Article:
- On gun tubes there is typically a cylindrical section near the breech that guides the tube during recoil. This cylinder is machined to very close tolerancesMessage 1 of 2 , Dec 1, 2011View Source
On gun tubes there is typically a cylindrical section near the breech that guides the tube during recoil. This cylinder is machined to very close tolerances and a fine finish. Normally it is not painted because paint would only be worn off in use, if it did not interfere with the functioning. On the M62 mount and M1 series guns this cylinder protruded about one diameter beyond the gun shield, and from there the tube tapered down to the muzzle. So, the length or the cylinder varied depending on the tolerances on the diameter and slope of the taper.
Polished bare steel often looks dark gray and in B&W photos I think it would be hard to distinguish. Also, for camouflage purposes, a special dyed grease was issued to cover these sorts of surfaces to reduce their reflectance. With that grease applied it would look painted and probably pick up the same dust coating as the rest of the tube.
The diameter of the gun shield had a large clearance right at the end of the collar but it was tighter farther in, as well as in the mount itself.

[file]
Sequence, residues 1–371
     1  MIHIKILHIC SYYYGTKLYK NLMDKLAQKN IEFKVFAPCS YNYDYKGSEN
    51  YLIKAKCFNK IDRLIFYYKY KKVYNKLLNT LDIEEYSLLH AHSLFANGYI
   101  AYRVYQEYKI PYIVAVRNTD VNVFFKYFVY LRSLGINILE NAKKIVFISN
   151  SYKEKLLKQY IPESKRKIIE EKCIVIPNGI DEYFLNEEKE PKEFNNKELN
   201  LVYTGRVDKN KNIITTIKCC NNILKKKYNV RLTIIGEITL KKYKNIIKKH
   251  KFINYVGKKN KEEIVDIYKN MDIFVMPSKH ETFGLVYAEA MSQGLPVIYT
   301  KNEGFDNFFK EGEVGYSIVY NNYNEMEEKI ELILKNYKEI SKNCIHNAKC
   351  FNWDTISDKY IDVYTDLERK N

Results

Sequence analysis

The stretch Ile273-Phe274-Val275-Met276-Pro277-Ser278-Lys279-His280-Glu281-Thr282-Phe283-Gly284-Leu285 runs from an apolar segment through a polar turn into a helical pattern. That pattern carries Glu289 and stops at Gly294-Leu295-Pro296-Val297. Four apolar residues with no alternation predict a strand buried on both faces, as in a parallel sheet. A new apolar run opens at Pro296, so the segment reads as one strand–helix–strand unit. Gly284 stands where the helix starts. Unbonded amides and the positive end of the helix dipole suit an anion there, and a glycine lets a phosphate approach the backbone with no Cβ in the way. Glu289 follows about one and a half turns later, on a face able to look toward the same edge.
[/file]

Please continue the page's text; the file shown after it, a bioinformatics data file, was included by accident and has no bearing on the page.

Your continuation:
Can anyone comment on the phenomenon where a 5-6 inch section of paint was worn on the 76mm barrels of T-23 turrets? It would occur at the base of the barrel where it enters the mantlet -- supposedly from being worn off due the recoil action of the gun tube. I've seen photos that seemingly support this as well as other 76mm armed Shermans that seem to have the paint intact. Why the inconsistency? Or was this paint wear universal and I'm misinterpreting the photos that seem to show intact olive drab all down the length of the barrel?
If it did occur occasionally, was it only on certain factories'' parts?
Also, when it did occur, was the wear caused by the tube wearing on somewhere on the tube carriage internal to the mantlet? It always seems that the actual collar mantlet has clearance.
Thanks in advance.